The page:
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UBC Reports Apr 6, 2006

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VOLUME  52   I  NUMBER  4   I  APRIL  6,2006
With hundreds of UBC students, faculty researchers, staff and
alumni engaged in issues surrounding sustainability, more than 300
academic courses directly related to the subject, and a Trek 2010
strategic plan commitment, UBC Reports has decided to focus an
entire issue on sustainability.
Look inside for a number of articles by our international experts on
the global challenges in air, water, food and energy systems. At the
same time, read how your UBC community is acting locally to make
a difference.
Footprints to Sustainability
BY WILLIAM E. REES   Professor, School of Community and Regional Planning
Almost everyone knows Pogo Possum's
famous utterance from Earth Day, 1970. On
contemplating the desecration of his beloved
Okefenokee Swamp, Walt Kelly's memorable
cartoon-strip character sadly observed: "We
have met the enemy and he is us."
Well, 36 years later, the rest of us are just
catching up with Pogo in appreciating the
meaning of ecological degradation. It is finally
penetrating our consciousness that climate
change, tropical deforestation, desertification,
the ozone hole, fisheries collapses — the whole
litany of so-called environmental problems —
aren't really "environmental" problems at all.
They are actually the raw symptoms of human
ecological dysfunction. We have indeed met the
enemy and he is us.
One way of determining how great an
enemy we are, is through ecological footprint
analysis (EFA). I began developing this method
over two decades ago after finding myself
embroiled in a debate with an economist
colleague over the relevance of ecological
carrying capacity to humans. He argued the
conventional wisdom of the day, that the
combination of trade and human technological
ingenuity enables modern humans to squeeze
so much out of the earth that the term "human
carrying capacity" is now meaningless.
Lawrence Summers, then Chief Economist
of World Bank, put it this way in 1991: "There
are no... limits to the carrying capacity ofthe
earth that are likely to bind any time in the
foreseeable future. There isn't a risk of an
apocalypse due to global warming or anything
else. The idea that we should put limits on
growth because of some natural limit,
is a profound error and one that, were it ever
to prove influential, would have staggering
social costs."
Back then, such assertions were made with
intimidating assurance and conviction, but to
my ecologist's ears something was missing
from the implied cornucopian vision. In part,
the problem lay with the standard definition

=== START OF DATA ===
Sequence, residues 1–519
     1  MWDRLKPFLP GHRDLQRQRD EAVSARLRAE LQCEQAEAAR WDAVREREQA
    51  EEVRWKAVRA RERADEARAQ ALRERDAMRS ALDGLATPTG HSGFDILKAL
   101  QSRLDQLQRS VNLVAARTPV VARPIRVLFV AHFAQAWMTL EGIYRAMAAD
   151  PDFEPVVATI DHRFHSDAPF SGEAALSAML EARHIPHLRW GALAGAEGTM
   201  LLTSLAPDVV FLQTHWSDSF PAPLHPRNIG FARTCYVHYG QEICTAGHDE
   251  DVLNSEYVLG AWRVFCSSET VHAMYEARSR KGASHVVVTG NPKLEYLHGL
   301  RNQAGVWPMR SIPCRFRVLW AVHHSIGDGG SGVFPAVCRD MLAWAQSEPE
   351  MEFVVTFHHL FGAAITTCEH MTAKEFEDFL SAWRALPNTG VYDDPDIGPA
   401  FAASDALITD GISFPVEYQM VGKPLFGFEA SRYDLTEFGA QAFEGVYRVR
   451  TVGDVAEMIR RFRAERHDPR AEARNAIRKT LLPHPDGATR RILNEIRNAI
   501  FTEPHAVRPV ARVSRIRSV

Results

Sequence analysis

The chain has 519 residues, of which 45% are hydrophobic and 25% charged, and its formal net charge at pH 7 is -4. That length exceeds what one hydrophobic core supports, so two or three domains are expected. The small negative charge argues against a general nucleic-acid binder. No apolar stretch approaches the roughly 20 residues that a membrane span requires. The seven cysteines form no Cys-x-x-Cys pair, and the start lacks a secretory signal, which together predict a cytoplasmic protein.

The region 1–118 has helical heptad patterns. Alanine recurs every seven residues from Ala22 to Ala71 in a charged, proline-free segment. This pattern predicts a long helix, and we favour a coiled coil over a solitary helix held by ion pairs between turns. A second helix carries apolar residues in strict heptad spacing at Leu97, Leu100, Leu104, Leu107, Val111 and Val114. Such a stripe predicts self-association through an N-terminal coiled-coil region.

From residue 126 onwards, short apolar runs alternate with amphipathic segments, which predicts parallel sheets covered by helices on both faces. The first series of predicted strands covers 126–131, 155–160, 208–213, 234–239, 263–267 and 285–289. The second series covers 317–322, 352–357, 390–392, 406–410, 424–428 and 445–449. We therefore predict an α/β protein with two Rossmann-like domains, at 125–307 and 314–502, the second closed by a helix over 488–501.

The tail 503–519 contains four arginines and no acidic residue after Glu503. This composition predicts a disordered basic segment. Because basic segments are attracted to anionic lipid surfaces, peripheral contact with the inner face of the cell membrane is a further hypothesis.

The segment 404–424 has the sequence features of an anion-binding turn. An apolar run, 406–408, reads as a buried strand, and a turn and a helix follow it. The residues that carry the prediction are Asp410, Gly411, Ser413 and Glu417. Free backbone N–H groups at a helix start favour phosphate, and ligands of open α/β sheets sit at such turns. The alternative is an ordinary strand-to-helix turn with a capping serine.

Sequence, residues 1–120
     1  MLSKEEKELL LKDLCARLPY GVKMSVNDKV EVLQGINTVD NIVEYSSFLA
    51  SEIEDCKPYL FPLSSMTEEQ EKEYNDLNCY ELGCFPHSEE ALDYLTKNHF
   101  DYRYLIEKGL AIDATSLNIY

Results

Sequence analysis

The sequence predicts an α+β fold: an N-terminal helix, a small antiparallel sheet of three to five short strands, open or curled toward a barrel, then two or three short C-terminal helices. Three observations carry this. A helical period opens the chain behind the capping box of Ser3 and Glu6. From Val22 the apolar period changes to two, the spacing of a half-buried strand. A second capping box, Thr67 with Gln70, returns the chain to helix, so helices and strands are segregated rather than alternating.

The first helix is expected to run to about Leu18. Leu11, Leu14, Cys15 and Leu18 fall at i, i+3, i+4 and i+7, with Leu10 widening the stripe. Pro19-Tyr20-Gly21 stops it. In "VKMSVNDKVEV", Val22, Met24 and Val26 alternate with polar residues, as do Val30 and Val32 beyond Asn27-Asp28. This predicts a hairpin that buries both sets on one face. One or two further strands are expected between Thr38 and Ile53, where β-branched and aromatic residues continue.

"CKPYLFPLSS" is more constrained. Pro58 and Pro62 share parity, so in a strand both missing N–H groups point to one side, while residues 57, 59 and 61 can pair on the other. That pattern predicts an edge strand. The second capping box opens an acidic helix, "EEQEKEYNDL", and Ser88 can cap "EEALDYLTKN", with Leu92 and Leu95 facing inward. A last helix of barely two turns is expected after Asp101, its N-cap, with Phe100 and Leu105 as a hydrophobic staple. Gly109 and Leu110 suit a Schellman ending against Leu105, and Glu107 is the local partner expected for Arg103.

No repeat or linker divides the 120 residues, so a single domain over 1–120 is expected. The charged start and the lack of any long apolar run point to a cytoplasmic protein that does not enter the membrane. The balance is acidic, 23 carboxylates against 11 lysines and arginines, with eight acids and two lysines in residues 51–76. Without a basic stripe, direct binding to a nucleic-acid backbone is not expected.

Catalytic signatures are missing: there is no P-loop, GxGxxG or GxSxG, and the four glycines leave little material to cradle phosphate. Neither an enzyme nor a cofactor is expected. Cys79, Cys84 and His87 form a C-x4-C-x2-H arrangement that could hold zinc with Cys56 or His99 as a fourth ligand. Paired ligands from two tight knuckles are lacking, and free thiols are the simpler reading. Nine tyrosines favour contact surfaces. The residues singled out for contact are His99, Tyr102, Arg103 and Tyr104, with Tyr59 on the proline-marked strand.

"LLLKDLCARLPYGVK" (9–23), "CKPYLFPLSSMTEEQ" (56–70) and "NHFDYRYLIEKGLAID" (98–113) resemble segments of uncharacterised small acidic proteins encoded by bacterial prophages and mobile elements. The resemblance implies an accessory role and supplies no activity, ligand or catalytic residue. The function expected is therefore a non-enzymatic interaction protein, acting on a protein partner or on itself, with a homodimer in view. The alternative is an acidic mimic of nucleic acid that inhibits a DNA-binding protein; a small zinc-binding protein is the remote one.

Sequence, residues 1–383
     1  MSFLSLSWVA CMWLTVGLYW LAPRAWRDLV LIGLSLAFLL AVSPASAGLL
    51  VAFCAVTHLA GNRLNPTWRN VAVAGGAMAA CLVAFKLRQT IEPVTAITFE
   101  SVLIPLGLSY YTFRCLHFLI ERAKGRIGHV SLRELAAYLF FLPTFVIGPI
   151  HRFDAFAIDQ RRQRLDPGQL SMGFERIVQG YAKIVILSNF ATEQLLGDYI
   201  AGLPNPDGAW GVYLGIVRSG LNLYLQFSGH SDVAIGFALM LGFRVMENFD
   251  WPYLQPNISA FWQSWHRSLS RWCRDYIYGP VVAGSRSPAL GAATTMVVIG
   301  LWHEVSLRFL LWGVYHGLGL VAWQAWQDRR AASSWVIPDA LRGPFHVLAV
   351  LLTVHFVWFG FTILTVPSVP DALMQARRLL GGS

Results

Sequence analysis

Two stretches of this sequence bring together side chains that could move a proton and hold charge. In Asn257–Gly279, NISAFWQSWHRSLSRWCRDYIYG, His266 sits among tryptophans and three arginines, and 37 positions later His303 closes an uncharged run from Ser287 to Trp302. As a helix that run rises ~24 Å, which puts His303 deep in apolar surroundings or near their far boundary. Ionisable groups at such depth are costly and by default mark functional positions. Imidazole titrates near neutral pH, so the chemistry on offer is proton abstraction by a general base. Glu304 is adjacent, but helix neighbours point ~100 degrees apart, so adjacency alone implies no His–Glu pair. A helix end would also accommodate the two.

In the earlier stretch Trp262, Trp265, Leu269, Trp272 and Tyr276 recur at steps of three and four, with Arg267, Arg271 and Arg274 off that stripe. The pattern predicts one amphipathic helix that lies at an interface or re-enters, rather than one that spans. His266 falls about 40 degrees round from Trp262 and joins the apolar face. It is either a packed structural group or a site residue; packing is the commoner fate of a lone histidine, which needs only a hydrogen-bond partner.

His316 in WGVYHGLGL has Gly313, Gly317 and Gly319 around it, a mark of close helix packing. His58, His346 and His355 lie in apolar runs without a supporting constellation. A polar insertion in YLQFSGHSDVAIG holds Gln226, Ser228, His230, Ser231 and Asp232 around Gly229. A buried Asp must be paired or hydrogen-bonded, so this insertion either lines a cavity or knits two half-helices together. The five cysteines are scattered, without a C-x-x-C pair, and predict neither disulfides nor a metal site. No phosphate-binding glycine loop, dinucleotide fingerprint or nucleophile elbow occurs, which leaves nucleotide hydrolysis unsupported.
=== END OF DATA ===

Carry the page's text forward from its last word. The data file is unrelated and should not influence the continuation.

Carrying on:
of carrying capacity. To ecologists and game
managers, carrying capacity is the maximum
population of a given species that can occupy
a particular habitat without impairing its
long-term productivity. However, if humans
are the species, and trade and technology
augment local productivity, well... maybe the
economists have a point.
But what happens if we invert the carrying
capacity ratio? Rather than asking what
population a given area can support, let's ask
how much area is needed to support a given
population, wherever the area is or however
technologically sophisticated the population.
This shift in perspective merely acknowledges
that trade and technology don't actually
decouple economies from nature, they merely
shuffle resources around and increase the
intensity of resource exploitation. It thus
re-establishes humans' direct connection to
the land and puts global carrying capacity
firmly back on the sustainability agenda.
continued on page 10
Prof. Rees is well-known for inventing the "ecological footprint analysis,'
tool that estimates humanity's ecological impact.
a quantitative
UBC a Test Site on Hydrogen Highway
$10-million proposal would see hydrogen run campus vehicles, cell phones
It can power a massive submarine
or a 10-speed bike light, and the
power source can be derived from
pig manure.
This versatile device is a hydrogen
fuel cell, powered by the most abundant element on earth and key to
technologies that UBC plans to
demonstrate as part of the BC
Hydrogen Highway™ project.
The university is an integral part
of the BC Hydrogen Highway™, a
co-ordinated, large- scale demon
stration program, created to
accelerate the commercialization of
hydrogen and fuel cell technologies.
The National Research Council's
(NRC) Institute for Fuel Cell
Innovation at UBC Vancouver's
south campus is also a member.
Announced by the Federal
Government in 2004, the program's
network of test sites, or highway,
includes Victoria, Surrey, North
Vancouver, and Vancouver Airport
to Whistier, with full implementation
in time for the 2010 Winter
Olympics. A consortium of organizations have come together to
design, build, test and evaluate
hydrogen fuel cell applications that
include transportation, stationary,
portable and micropower uses of
the technology.
UBC's Campus Sustainability
Office (CSO) has proposed a
$ 10-million suite of projects —
approved in principal by Industry
continued on page /